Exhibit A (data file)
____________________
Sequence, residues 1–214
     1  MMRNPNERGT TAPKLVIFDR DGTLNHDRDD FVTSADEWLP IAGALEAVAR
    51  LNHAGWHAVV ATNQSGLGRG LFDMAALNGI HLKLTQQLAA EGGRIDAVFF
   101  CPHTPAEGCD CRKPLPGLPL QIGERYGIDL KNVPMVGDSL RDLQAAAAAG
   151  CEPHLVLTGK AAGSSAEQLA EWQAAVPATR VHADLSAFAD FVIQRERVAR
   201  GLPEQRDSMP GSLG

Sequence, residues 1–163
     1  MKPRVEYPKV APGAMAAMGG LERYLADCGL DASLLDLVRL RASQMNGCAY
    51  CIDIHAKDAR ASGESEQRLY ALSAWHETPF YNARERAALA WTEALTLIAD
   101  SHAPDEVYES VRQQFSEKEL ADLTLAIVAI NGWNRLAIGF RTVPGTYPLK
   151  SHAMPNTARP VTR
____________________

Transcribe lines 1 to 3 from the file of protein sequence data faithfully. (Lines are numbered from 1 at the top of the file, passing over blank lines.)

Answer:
Sequence, residues 1–214
     1  MMRNPNERGT TAPKLVIFDR DGTLNHDRDD FVTSADEWLP IAGALEAVAR
    51  LNHAGWHAVV ATNQSGLGRG LFDMAALNGI HLKLTQQLAA EGGRIDAVFF